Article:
• wipe down walls
  • flip/rotate your mattresses
  • change air filters (more frequently, if necessary)
  • clean oven

So the challenge for today: decide what needs to be done on a monthly and quarterly basis and set up a wireless reminder system to keep you on track for the rest of the year.

 

Nest Building

March MAIDness Day 5: Cleaning the Cleaners

This entry is part 4 of 20 in the series March Maidness

One week through the March MAIDness and so far so good, right?

I have been thinking about cleaning instruments lately.  Seriously…I have devoted literal moments to thinking about when and how to replace and clean my broom, mops, and sponges.  How very Martha Stewart of me.

So I thought today we would talk about the how and when of cleaning and maintaining your supplies. An artist has got to take care of her tools, right?

Brooms:

  • To clean – run the bristles along a hard edge surface (like a front stoop or a the edge of a piece of wood).
  • To store – Avoid storing standing up on the bristles.  Hang up on a hook in the garage or a pantry.
  • Replace when – it shows wear like broken bristles.  You can test this when you are sweeping into the dustpan.  If there is a gap in the debris that is picked up, it might be time for a replacement.

Mops:

  • To clean – after each use rinse really well with hot water and squeeze out as much water as you can.  You might also check to see if your mop head is detachable and machine washable.  If it is, throw it in the washer about once a month and make sure to dry it very well before storing it.
  • To store – Do not store your mop seated in the bottom of a bucket (full or water or empty).  Rather, hang it mop side down in a well ventilated area with the bucket underneath to catch excess water.
  • Replace when – it is overly stained or smells even when it has been cleaned.

Sponges:

  • To clean – squeeze out excess water EVERY time you are finished using it.  Every few week or so wet the sponge and place in the microwave and heat on HIGH for 10-15 seconds. Wait for a moment to pick it up and wring it out.  You could also drop it in the basket of your dishwasher and run it with a load of dishes.
  • To store – After you have squeezed excess water out of the sponge (see how important it is) lay it on a shelf to dry or place it in a drying basket where it can drip dry.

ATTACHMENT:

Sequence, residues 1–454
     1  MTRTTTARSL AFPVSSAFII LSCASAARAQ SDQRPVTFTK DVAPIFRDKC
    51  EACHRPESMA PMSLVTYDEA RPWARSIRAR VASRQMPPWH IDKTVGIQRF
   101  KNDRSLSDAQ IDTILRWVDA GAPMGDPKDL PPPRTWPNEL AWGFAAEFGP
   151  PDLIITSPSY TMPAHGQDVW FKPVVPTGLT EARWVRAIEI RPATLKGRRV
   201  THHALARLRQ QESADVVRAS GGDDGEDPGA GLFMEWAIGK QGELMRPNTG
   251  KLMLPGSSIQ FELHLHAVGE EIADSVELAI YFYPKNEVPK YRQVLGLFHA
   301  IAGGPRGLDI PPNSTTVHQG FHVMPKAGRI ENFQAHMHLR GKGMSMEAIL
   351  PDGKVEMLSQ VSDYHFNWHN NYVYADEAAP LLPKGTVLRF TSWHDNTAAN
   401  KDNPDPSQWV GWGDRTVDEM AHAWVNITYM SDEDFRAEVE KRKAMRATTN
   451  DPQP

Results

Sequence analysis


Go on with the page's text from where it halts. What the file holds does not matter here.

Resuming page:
• Replace when – it is soiled or about every 2 weeks.  Really…every 2 weeks!

 

Today’s challenge is to do a check-up on your cleaning supplies.  When was the last time you replaced them?  (if you can’t remember, see Day 4 of this series and put it on the calendar for next time)  Do you need to make sure they are clean the next time you use them or has it been so long since you cleaned them, it is time to replace.  Remember your nose is a wonderful guide to what is not good for you.  If you smell mildew, there is bacteria in there.  It is time to replace.

Have a wonderful weekend!

 

 

Nest Building

March MAIDness: Day 7 – Be a Student of your Craft

This entry is part 5 of 20 in the series March Maidness

Today’s MAIDness post is simple.  Always be learning about ways to improve your cleaning schedule.  I am constantly looking for ways to streamline, organize, and improve my home keeping skills.  That is why I am so excited about the Bundle of the Week this week.  Go check it out and get lots of great reading material for a great price (all 5 e-books are just $7.40).  The e-book deal is available until Monday March 18th at 8 AM Eastern.

31 Days to Clean by Sarah Mae
Part cleaning handbook, part devotional, this ebook is not just about the how of cleaning, but about the why. In 31 Days to Clean, Sarah Mae provides you with two challenges each day — a Mary challenge to encourage and engage your heart and a Martha challenge with a specific cleaning task. At the end of 31 days, your house will be clean, and you’ll have a new perspective on housekeeping as well!

Simple Living by Lorilee Lippincott
Deal with tangible and intangible clutter in just 30 days with Simple Living, which will help you have a simpler and cleaner home…and keep it that way. Tackle thirty different clutter areas in under an hour a day and create drastic and permanent changes.

A Simply Homemade Clean by Lisa Barthuly
Rid your home of commercial, toxic products without the high price of all natural, organic products that line the shelf. Learn to make everything from your own laundry soap, to homemade dryer sheets, antibacterial spray cleaners, potpourri blends and fabric softeners!

Project Organize Your Entire Life by Stephanie Morgan
With a simple and customizable approach, Project Organize Your Entire Life helps you walk through your daily habits and weekly routines to conquer some of the biggest obstacles to living the simplified life you’re yearning for: decluttering, cleaning, organizing, meal planning and more.

Pulling Yourself Together by Becky of Clean Mama
In Pulling Yourself Together, Becky provides you with the tools to declutter and organize your home in the midst of a busy life, implement a cleaning routine that really works and strategies to continue with the perfected plan!

 

And today’s challengeBe a reader!  Study the art of home keeping – whether you get these books or check out a magazine or read other blogs about cleaning.  None of us are perfect in the home keeping department; but we can work on it and improve in so many ways.

NOTE: some of the links in this post are affiliate links meaning if you click through to the site from here and make a purchase, I get a small compensation.  No pressure!  I only bring you things I actually love and want to share because I think they have great value.